Darn Confused? 4 Ways to Darn a Hole

clothing repair darn diy embroidery mending visible mending

Sweater with multiple darned patches reading 4 ways to darn a hole

 How do you decide which darning/mending technique to use?

Some questions to consider:

-is the patch going to be visible or will it blend in?

-what type of garment are you repairing?

-how much time do you want to spend mending?

When it comes to mending, there is never an exact yes or no answer. It is (almost) always the case that there are several different ways to approach any mending project. Today, I’ll share several darning techniques, the level of difficulty, and how long you can expect each darn to take. This is not an exhaustive list, just the techniques that I use in my mending, and are also commonly practiced styles of darning.

I won’t be covering the how-to today. However you can find tutorials on YouTube, and there are lots of mending teachers out there, including me! You can check out my upcoming workshops by clicking here.

Darning styles wrenbirdarts

1. Needle Weaving Darn

When I think of darning, this is the style that comes to mind. It is a patch that is woven on the surface of the fabric, covering the hole or stain.

 Needle woven darn

When to use: To cover a hole, stain, or weak spots. This is a useful technique for socks, sweaters, and even wovens.

Beginner friendly: yes

If time is a factor: The time it takes to complete this mend depends mostly on the size of the darned patch. Whereas a small patch may take 5-10 minutes, a much larger hole could take an hour to mend.

 Needle weaving style darn

2. Scotch Darn

This type of darn is made by knotting, rather than weaving. The finished patch is a thicker, textured look.

 Scotch darned patch

When to use: This is a good fit for patches at least 2”, in length and width.

Beginner friendly: yes

If time is a factor: This is a very fast type of darn. Larger holes may be covered in a short amount of time.

scotch darned sweater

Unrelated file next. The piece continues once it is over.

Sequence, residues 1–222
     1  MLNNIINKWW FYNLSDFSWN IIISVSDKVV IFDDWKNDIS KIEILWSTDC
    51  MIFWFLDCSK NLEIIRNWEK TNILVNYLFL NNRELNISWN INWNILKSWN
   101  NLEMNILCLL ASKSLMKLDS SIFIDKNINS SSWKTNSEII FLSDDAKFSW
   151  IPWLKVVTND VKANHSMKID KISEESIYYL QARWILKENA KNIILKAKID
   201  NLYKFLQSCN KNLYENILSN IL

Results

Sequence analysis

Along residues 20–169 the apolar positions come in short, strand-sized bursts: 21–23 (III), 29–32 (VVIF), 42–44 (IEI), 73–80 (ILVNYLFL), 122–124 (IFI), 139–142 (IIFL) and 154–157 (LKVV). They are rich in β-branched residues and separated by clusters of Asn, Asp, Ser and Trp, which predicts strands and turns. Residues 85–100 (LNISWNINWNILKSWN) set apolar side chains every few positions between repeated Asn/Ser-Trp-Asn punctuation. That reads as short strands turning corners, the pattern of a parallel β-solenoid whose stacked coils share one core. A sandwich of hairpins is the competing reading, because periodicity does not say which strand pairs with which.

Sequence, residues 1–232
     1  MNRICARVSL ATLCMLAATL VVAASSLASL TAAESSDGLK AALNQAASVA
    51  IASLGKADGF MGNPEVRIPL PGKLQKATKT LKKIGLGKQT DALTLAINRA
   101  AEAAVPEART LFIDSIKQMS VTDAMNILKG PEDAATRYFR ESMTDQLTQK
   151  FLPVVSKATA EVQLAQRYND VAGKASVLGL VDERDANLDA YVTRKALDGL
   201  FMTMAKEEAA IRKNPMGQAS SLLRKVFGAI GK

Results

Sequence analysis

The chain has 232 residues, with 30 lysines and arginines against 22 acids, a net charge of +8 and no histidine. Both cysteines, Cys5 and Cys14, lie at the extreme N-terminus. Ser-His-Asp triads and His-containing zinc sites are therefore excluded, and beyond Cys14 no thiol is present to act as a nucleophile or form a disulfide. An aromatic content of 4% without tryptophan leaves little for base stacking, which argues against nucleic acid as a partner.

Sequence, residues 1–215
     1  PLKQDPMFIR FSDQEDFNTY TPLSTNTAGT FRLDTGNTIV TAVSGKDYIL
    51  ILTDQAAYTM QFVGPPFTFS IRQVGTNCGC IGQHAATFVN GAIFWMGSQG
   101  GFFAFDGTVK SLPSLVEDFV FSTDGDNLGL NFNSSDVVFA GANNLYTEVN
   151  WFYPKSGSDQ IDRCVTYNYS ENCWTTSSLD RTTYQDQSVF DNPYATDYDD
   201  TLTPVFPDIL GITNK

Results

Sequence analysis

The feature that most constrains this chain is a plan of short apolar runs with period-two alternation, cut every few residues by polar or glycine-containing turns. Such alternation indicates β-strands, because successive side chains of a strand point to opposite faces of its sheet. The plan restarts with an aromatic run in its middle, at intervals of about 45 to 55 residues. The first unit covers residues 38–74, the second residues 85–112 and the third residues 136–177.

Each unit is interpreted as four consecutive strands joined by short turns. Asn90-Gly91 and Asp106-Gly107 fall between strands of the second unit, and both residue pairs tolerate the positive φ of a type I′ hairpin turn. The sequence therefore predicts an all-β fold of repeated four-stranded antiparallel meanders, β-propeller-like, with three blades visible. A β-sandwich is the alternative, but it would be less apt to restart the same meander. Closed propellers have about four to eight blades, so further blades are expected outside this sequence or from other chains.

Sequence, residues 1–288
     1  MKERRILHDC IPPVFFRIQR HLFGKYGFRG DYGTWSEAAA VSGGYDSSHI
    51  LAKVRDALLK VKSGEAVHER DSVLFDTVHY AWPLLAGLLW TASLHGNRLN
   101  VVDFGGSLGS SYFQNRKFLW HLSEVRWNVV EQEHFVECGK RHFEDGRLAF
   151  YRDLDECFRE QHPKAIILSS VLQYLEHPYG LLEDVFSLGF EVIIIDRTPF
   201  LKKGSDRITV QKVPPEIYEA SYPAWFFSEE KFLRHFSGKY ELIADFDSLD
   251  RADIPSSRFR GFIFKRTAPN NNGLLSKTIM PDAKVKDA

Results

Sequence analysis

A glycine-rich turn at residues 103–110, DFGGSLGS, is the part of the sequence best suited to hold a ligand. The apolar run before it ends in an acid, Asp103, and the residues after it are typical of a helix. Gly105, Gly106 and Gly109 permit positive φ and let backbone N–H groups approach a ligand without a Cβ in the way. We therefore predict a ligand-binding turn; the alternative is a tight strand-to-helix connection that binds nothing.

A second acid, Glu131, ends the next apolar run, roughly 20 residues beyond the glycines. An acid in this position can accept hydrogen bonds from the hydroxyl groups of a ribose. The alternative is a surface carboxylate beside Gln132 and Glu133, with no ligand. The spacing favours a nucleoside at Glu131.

3. Swiss Darn/Duplicate Stitch

While not for beginners, this type of darn is a way of reworking the missing stitches.

duplicate stitch darning

When to use: When repairing invisibly, or reinforcing thin, weak stitches in an area. It is also fun to use this stitch as visible mending, for a neat pop.

Beginner friendly: no

If time is a factor: This type of darning takes a LONG time and can be frustrating if you are a novice mender.

swiss darned elbow

4. Embroidered Darning Stitches (Japanese, Blanket Stitch, Open Back Stitch)

Embroidery stitches use the fabric to stitch into as a way to reinforce weak or stained textiles.

embroidery style darning

When to use: In thinning areas, build a layer of fabric to reinforce and strengthen.

Beginner friendly: yes

If time is a factor: Embroidery stitches are typically a quick way to mend. The smaller the stitches and larger the area, the more time it will take.

I hope this collection of darning techniques helps you to choose your next darning project with ease. . . or at least more ease. 

embroidery darned patches

Now that you have a bunch of darning options, what will you choose for your next darning project? 

References for Embroidery Stitch Tutorials:

Pumora Embroidery: https://pumora.com/

Sarah's Hand Embroidery Tutorials: https://www.embroidery.rocksea.org/ 

Upcoming Workshops Here: https://wrenbirdarts.com/pages/workshops-events

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